UK water companies opt out of lead pipe removal
UK water companies are planning to avoid spending £2Bn on lead pipe replacement to meet EC directives on lead content in drinking water. The UK's Drinking Water Inspectorate (DWI) has agreed to allow chemical treatment for many areas.
EC directive 80/778/EEC demands that drinking water contain no more than 25µg/l of lead by 2003 and 10ug/l by 2013. Estimates of the cost of wholesale lead pipe removal in the UK have ranged from £2Bn to £10Bn.
Michael Rouse, chief inspector of the Drinking Water Inspectorate (DWI) has received information from water companies on their estimates of complying with the directive and has, effectively, let the water companies avoid wide-scale lead pipe removal: “The expectation is that pH control and phosphate dosing will be sufficient in most areas to achieve 25µg/l and in some areas 10µg/l.” The addition of orthophosphate (ortho-P) could reduce the amount of lead dissolving into supply.
The DWI’s latest guidance letter on plumbosolvency (12:2000) makes clear that pipe removal is not the only option: “Recent letters to water companies concerning plumbosolvency control strategies note that there has been no agreement to any specific actions to be taken to meet the new lead standards. If a water company wishes, it can make a case for specific ad-hoc actions for which it has strong supporting evidence.” Other techniques include pipe re-lining (see Water & Waste Treatment magazine, August 1999, pg30).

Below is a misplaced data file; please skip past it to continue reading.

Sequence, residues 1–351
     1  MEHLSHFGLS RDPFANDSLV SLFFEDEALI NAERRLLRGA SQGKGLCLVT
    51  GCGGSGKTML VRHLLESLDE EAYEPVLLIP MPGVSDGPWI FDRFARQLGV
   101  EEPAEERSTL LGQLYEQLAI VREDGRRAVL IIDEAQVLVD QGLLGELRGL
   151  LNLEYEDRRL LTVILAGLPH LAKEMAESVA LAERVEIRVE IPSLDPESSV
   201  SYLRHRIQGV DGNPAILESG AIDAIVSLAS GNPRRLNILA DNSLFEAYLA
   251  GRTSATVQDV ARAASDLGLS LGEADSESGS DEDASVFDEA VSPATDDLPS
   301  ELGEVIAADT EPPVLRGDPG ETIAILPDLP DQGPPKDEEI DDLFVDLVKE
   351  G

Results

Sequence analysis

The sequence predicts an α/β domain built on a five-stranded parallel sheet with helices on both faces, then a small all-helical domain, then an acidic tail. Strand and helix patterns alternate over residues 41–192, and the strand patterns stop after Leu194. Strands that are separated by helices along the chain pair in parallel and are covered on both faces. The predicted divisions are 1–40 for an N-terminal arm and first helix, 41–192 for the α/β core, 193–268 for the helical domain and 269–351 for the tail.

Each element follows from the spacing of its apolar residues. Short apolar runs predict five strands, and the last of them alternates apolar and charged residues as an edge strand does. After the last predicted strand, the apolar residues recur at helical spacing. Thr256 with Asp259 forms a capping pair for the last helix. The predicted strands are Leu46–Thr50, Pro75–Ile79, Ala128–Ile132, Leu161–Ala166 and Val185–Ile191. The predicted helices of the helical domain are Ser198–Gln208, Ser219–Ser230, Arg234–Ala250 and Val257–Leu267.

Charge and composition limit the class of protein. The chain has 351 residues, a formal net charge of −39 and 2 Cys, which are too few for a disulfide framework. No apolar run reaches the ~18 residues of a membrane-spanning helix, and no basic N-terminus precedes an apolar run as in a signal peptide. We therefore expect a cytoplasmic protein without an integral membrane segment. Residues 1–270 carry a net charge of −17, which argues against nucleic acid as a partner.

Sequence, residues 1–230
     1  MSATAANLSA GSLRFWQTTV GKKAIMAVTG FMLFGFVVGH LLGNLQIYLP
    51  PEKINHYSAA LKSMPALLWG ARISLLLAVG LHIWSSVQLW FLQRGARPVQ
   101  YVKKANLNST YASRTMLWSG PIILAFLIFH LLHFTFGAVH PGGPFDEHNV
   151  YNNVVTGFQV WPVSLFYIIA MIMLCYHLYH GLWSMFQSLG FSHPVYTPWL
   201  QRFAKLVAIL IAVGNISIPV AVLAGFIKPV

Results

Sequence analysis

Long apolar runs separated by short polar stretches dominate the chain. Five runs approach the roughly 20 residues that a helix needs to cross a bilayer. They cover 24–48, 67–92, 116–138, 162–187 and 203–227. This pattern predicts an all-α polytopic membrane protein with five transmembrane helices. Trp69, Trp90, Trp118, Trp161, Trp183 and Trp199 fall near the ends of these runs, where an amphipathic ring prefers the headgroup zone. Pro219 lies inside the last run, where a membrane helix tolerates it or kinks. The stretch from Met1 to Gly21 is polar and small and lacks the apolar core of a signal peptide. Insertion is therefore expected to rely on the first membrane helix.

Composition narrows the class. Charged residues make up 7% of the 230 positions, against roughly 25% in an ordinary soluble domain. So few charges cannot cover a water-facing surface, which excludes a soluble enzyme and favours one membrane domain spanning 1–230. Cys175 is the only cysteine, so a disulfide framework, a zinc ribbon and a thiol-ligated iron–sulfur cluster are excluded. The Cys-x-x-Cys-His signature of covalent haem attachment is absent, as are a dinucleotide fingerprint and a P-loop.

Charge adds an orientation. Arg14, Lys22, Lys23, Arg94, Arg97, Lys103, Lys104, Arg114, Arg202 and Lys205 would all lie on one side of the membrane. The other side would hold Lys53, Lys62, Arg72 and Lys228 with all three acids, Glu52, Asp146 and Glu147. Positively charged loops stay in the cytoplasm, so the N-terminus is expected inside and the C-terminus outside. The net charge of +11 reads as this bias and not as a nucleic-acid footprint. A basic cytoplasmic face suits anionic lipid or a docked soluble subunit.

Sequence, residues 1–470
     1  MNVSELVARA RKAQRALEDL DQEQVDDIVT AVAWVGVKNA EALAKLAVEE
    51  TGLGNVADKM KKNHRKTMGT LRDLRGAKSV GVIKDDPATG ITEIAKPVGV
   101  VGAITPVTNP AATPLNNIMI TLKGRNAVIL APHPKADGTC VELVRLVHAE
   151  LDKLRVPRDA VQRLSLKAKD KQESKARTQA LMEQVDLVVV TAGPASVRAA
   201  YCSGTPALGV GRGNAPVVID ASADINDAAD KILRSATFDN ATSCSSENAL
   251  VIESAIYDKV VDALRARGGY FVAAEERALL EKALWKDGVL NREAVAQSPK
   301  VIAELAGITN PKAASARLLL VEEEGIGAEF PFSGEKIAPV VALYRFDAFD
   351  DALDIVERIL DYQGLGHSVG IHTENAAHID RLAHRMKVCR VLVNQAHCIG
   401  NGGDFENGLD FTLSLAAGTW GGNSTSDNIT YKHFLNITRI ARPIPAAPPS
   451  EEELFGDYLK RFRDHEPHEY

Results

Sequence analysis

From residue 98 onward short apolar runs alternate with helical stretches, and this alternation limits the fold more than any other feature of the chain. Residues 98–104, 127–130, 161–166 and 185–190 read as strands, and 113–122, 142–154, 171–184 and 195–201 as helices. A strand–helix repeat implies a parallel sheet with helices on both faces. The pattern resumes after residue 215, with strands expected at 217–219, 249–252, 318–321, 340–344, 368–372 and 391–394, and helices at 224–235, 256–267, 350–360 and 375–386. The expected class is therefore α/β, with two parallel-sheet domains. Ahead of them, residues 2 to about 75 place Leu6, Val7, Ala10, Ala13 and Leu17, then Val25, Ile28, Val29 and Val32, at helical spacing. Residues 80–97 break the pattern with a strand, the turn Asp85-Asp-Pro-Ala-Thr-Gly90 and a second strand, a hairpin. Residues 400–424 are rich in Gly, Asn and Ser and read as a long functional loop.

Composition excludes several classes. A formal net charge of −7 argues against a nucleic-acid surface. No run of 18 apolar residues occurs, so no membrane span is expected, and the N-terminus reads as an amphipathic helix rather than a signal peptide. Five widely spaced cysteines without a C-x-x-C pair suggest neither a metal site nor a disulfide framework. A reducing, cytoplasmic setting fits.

To prevent plumbosolvency through chemical treatment, the DWI recommends ortho-P should be maintained as a residual in supply at 0.5-1.0 mgP/l, with the pH of the supply between 7.2 – 7.8. Concerns about the addition of phosphate to drinking water supplies have been voiced, as the phosphate burden on the UK’s receiving waters from sewage effluent is already high.
Chemical treatment may be sufficient to meet the EC’s standards in most areas of the UK but some pipe removal will be necessary: “When more than 10% of samples in any of the water supply zones supplied by a treatment works exceed 25ug/l, after plumbosolvency treatment and control has been optimised, the water company will need to consider replacement of lead pipes in these zones. This programme must be completed by 25 December 2003,” states the DWI.
Between 7-10M homes in the UK (around 40%) still have lead supply pipes. According to Junior Environment Minister Chris Mullin: “Neurotoxic effects from exposure to excessive levels of lead are known to contribute to problems in learning and behaviour and slightly lower IQs.”